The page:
The liar's paradox is an ancient philosophy problem about confusing sentences like, "This sentence is false." If you say it's true, it contradicts itself. If you say it's false, then it seems to be true. People have identified that part of the issue making things weird is that the sentence refers to itself.
To understand it more clearly, I recognized that the sentence is shorthand and wrote out the implied words. It means: "The final, completed evaluation of this sentence is false." In other words, it's asking you to evaluate if the sentence is true or false, and then compare what you come up with to see if it matches "false".
This reveals that it's, in a way, referring to the future. This is a better explanation than the self-reference explanation. Consider the sentence, "Joe loves philosophy; he'd never be an altruist." In this sentence, the word "he" refers to Joe. That's self-reference because the sentence refers to a part of itself; but this self-reference is harmless.
You're supposed to evaluate if the sentence is true or false. And to do that, you're asked to compare two things:
The final, completed evaluation of this sentence
But (1) doesn't exist yet at the time you're evaluating the sentence.
At the time you're first evaluating the sentence, (1) is undefined. That's the problem and the source of the "paradox".
Sometimes when you read a sentence, you can't figure out what something means until you finish the rest of the sentence. That's OK. It can be due to forward references or the need for context. The problem is that you need to already know the evaluation of the liar's paradox sentence (from the future) at the time you're creating the evaluation.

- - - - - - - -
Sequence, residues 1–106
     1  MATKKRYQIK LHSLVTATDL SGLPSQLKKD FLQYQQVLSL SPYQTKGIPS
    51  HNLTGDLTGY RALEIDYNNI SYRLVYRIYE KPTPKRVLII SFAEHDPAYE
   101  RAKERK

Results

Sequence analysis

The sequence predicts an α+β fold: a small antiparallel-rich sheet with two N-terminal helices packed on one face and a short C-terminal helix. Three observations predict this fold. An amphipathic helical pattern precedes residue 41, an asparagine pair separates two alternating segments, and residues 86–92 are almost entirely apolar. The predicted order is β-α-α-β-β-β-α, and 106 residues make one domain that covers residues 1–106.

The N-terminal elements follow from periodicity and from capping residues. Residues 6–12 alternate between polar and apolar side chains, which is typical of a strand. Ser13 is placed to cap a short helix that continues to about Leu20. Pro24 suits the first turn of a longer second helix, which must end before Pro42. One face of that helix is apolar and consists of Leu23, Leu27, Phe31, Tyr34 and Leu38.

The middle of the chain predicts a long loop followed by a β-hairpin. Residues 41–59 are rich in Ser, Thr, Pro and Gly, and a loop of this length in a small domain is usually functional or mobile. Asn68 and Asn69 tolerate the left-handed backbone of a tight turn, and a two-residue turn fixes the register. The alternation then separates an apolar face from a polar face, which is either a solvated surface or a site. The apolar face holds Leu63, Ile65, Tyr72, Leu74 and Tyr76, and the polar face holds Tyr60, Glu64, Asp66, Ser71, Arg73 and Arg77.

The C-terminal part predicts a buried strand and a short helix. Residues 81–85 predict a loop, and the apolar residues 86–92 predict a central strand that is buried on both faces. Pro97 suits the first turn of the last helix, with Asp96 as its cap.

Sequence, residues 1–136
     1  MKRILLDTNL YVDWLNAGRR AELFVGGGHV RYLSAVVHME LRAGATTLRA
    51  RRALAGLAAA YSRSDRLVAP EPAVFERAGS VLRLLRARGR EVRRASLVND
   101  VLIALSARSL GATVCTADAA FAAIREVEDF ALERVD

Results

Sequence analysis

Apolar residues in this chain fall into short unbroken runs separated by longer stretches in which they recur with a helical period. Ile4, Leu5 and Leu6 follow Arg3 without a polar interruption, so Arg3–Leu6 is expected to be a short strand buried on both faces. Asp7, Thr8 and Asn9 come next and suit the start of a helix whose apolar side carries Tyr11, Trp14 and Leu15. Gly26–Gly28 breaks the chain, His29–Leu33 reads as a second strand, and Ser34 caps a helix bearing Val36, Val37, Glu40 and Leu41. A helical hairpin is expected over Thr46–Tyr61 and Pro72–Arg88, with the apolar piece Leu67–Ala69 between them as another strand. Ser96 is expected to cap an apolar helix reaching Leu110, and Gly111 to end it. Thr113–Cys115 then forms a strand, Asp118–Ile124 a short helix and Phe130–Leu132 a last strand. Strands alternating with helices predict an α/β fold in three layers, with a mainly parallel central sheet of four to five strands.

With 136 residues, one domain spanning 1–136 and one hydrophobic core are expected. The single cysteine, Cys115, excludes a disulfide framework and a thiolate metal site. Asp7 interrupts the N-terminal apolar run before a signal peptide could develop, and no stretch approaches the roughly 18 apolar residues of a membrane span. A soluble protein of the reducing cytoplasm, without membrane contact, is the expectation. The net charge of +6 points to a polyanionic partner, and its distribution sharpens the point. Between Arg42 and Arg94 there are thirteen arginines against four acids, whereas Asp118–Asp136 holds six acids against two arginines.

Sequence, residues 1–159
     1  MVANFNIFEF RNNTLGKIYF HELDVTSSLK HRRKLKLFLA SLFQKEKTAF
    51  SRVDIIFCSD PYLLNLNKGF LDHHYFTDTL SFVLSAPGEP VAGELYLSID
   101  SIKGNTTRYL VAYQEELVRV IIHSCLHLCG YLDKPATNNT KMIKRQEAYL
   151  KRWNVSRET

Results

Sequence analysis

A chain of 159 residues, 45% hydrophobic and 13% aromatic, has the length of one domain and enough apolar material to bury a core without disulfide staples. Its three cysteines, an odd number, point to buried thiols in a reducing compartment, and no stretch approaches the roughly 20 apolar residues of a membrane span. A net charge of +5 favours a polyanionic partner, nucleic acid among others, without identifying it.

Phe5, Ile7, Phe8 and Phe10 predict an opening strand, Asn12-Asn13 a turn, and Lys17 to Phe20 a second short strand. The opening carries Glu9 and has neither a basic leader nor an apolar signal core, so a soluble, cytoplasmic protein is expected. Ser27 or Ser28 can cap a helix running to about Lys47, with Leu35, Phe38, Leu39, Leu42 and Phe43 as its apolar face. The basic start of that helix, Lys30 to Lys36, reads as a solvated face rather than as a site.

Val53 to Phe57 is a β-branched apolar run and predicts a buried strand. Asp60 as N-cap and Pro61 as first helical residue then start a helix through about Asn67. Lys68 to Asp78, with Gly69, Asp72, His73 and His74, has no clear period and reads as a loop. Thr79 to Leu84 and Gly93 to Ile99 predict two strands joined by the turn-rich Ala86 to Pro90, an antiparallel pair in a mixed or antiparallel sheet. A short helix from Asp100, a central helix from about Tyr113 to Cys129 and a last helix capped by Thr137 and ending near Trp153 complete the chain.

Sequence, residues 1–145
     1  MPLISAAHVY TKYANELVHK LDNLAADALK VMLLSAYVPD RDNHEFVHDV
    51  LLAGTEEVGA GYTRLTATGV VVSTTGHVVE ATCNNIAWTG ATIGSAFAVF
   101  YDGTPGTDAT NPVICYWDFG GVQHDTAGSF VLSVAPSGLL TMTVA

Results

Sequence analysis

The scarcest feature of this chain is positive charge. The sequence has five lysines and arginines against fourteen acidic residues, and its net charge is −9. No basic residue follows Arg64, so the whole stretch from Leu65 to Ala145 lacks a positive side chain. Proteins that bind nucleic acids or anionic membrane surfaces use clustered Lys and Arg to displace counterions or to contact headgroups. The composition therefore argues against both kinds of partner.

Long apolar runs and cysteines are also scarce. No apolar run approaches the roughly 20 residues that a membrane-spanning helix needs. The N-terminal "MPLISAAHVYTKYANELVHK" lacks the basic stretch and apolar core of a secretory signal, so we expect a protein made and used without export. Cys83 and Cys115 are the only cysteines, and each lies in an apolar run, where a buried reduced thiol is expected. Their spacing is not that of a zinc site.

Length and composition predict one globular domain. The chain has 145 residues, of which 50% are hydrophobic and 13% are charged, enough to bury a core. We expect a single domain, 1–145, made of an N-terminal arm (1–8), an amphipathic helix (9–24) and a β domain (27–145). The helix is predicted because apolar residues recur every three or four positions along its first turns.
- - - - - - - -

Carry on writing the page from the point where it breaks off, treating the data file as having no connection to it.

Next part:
In terms of lisp computer code, we could write it something like this:
(equals? (evaluate self) false)
But what is "self"? It's
(equals? (evaluate self) false). And what is the "self" in there? It's
(equals? (evaluate self) false). Each time you expand the self to its meaning, you get another self that needs expanding to some meaning, and you can never finish expanding everything. So the sentence is poorly defined.
Or we could look at as ruby code with a blatant infinite loop:
return liars_paradox() == false
This is no more paradoxical than any other non-halting program like one that loops with
(This problem has been solved before, e.g. this link makes the same point as my lisp code answer. I don't know how original my English language explanation is. I reinvented these solutions myself rather than reading them.)